Parched

It was a balmy August evening.

12 year old Meera looked at the sky. God was playing hide and seek with the rain. You could literally smell the rain on the humid breeze. It tantalized you like a wily mistress but just when you expected it to fall; God whisked it away.

Sighing in despondence she turned to her father, a farmer.

“Baba, if it does not rain soon, the crops will fail. The river that irrigates the farm is already reduced to a trickle. It cannot sustain all the farms in the area. We are already facing shortage of potable water,” she said. “What will we do? Why does it not rain?” she asked.

Her father sat up on the charpai* that he was resting on.

“Meera, don’t lose hope. Our farm lies at the base of the mountains. The monsoon winds move parallel to the mountains which are unable to block the moisture laden winds and so we do not get much rain. But, rest assured my child, it is raining already up in the hills. Soon the river will swell and bring down all the water from the mountains,” said her father.

“But Baba…” Meera started to interject.

“No ‘but’ Meera. You are a child still. Don’t fret about such things. Run along and play now!” said her father, scooting her away.


The next day dawned much the same, with no rain. As Meera trudged off to school, she spied a crowd of villagers gathered under the old Banyan tree, intently discussing something. The Banyan was where the Sarpanch* of the village held court. She spied her Baba in the crowd.

“Sarpanchji, what will we do now? How will we irrigate our farms? We barely have water to drink. The land is parched,” she overheard some distraught villagers saying.
Her interest piqued, Meera sidled up to her father.

“Baba, what is going on? What’s all the fuss about,” she asked innocently and was immediately shushed.

“Brothers, I have an announcement,” she heard the Sarpanch addressing the crowd. “The Hills have received unprecedented rainfall this year which has caused many landslides. Due to this many uprooted trees have found their way into the river and are now blocking the flow of the water. With the flow blocked, it is impossible for us to get water as the trees are acting as a natural dam,” he added.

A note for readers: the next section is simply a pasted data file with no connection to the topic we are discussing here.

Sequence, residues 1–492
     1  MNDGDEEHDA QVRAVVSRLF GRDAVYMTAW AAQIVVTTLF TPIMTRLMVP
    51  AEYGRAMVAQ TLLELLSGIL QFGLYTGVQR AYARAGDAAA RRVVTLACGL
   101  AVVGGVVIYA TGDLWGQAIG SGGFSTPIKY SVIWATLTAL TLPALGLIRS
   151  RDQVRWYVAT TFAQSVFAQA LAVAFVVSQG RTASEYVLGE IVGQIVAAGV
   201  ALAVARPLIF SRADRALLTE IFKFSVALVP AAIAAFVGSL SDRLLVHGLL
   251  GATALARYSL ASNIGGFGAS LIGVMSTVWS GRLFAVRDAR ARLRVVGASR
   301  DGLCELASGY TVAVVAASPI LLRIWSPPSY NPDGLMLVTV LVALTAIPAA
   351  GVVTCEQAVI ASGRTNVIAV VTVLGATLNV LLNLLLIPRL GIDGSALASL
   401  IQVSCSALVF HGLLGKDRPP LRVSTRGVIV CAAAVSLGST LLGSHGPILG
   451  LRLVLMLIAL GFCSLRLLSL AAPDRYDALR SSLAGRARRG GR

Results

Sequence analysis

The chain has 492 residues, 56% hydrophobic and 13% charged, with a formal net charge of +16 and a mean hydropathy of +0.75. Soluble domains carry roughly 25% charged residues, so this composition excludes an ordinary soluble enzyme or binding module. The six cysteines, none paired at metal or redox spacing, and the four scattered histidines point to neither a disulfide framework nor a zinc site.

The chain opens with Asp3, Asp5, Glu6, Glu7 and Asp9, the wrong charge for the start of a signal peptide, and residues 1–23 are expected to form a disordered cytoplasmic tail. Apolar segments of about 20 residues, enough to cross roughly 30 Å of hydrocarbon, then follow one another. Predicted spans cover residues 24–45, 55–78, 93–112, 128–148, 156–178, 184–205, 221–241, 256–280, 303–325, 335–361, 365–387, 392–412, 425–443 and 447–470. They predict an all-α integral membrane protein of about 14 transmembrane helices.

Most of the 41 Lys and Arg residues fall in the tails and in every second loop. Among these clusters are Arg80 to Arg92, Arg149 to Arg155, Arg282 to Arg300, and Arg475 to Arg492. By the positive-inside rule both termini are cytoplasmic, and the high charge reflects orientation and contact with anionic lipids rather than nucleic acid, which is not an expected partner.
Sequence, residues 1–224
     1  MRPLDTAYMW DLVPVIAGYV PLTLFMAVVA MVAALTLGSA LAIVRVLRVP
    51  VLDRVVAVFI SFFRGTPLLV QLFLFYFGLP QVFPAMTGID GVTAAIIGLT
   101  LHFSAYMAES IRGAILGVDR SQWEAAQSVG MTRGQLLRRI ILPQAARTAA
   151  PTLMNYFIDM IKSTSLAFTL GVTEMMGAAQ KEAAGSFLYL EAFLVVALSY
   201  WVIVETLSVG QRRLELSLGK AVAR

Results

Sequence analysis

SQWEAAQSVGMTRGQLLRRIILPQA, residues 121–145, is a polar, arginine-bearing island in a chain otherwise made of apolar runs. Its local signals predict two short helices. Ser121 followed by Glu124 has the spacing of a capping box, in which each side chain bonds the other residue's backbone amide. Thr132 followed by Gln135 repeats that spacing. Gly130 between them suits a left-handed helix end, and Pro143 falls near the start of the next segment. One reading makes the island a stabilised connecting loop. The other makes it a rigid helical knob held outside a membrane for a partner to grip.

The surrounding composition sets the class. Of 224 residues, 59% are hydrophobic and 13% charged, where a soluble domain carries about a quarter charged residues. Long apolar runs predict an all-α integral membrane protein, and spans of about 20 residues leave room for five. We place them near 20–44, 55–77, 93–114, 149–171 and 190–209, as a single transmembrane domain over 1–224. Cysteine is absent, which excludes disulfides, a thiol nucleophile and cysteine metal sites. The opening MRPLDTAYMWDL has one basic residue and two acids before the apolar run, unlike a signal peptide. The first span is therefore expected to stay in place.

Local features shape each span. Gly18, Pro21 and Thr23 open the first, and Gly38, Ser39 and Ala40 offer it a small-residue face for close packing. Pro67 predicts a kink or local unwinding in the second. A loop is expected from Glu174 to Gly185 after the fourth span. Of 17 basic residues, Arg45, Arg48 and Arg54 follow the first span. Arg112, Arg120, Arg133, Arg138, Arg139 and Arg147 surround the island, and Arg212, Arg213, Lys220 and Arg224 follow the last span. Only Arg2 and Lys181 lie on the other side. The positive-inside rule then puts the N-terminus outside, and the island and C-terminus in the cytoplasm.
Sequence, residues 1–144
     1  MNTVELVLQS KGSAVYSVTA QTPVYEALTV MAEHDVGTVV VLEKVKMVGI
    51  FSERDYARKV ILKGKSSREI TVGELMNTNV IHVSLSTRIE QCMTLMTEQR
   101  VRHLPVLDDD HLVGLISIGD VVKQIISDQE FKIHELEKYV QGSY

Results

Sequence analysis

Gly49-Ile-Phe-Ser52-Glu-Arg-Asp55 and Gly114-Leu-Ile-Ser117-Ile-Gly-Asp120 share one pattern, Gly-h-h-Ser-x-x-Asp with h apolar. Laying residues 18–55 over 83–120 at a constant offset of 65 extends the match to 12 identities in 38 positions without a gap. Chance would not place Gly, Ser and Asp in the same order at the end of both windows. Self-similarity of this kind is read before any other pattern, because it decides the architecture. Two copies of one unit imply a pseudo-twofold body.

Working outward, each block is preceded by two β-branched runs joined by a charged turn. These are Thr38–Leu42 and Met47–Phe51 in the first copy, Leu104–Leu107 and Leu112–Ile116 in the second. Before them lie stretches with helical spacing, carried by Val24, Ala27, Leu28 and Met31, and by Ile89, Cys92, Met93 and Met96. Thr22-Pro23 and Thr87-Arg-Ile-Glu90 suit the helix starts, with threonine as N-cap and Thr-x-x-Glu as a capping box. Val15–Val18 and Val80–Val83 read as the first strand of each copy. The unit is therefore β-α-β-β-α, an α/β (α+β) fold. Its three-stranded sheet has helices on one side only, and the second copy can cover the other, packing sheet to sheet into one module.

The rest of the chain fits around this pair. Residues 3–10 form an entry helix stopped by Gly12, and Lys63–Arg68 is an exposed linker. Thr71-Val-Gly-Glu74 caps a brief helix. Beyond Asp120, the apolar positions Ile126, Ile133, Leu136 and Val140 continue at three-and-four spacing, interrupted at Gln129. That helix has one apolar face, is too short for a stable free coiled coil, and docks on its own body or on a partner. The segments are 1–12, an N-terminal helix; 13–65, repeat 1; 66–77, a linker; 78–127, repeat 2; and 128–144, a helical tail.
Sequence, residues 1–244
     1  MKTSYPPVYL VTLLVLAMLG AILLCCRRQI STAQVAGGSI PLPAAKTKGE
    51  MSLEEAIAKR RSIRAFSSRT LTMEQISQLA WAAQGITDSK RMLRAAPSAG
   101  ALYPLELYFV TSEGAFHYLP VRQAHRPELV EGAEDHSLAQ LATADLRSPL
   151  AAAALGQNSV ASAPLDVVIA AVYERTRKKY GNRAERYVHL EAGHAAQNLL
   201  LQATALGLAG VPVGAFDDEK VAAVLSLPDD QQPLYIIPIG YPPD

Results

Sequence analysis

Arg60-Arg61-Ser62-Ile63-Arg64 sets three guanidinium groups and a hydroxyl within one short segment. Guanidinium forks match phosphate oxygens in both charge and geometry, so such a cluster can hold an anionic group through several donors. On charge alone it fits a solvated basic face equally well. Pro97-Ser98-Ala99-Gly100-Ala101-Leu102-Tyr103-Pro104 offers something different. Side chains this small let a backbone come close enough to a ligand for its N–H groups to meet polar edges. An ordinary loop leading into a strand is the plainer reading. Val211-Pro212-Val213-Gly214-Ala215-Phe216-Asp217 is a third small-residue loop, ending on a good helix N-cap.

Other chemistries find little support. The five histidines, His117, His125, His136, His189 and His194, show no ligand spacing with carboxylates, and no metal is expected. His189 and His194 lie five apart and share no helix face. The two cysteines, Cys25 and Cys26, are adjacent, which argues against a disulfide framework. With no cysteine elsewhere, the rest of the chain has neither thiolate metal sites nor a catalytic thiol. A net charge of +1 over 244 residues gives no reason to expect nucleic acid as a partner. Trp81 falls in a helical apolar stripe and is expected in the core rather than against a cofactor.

There was a collective gasp at these words.

“Hey Raam, we are done for! The crops will fail for sure this year. The God’s are angry with us,” bemoaned the illiterate farmers.

Meera left the scene with a deep sense of disquiet.

“How can these people sit about and not do anything? What will the God’s do if these men just sit twiddling their thumbs, bemoaning their fate,” she fumed. “Maybe I can do something?” she thought as an idea took shape. She scampered off to school as fast as she could.

“Masterji*. I need your help,” said Meera breathlessly upon reaching school.

“What is it Meera? Why are you so agitated and breathless?”

“Masterji, I need to write an email to the Chief Minister (CM) of the state but I don’t know how. Will you help me?” she asked.

Bemused, Masterji looked at her. “The CM you say? Whatever for Meera?” he asked.
“Masterji, if the blockade on the river is not cleared then the river will dry up. Soon we will not have any water at all in the village. With the water supply blocked, we will lose our crops, our cattle and our livelihood. Our entire income source will be blocked. So, I want to request the Chief Minister to allocate funds & resources immediately for clearing the blockade on the river,” said Meera.

“Oh My! That is indeed better than waiting for things to happen,” said Masterji. “Okay let’s send an email to the CM’s office and urge them to take immediate action,” said Masterji, switching on the sole school PC.

Soon the letter was drafted & mailed to the CM’s office.


“Meera! Wake up!” her father’s insistent voice woke her, a few days later.
“Baba, what is it?” said Meera, groggily sitting up.
“Meera,” said her father, beaming. “Come look at the river.”
“Why? What happened?”
“The blockade must have been cleared for the river is literally overflowing its banks. Looks like your letter reached the CM. You did it my child. You saved us all,” said her grateful father.

Glossary
Baba – Father in Hindi
Charpai – a bed
Sarpanch – head of the village.
Hey Raam – Oh God in English
Masterji – teacher

 

About Sonal Singh

I believe that life is a repertoire of anecdotes. The various situations that we encounter, the many incidents of every day, the people we meet, our conversations with them; all make life a melange of tales. And, that is what I attempt to capture through my writing. My cooking is no different! It reflects my love for travel and my love for innovation. The kitchen is my happy place. So, even though by vocation I am a recruiter (www.rianplacements.com), by passion I am a writer, home chef and a hodophile.

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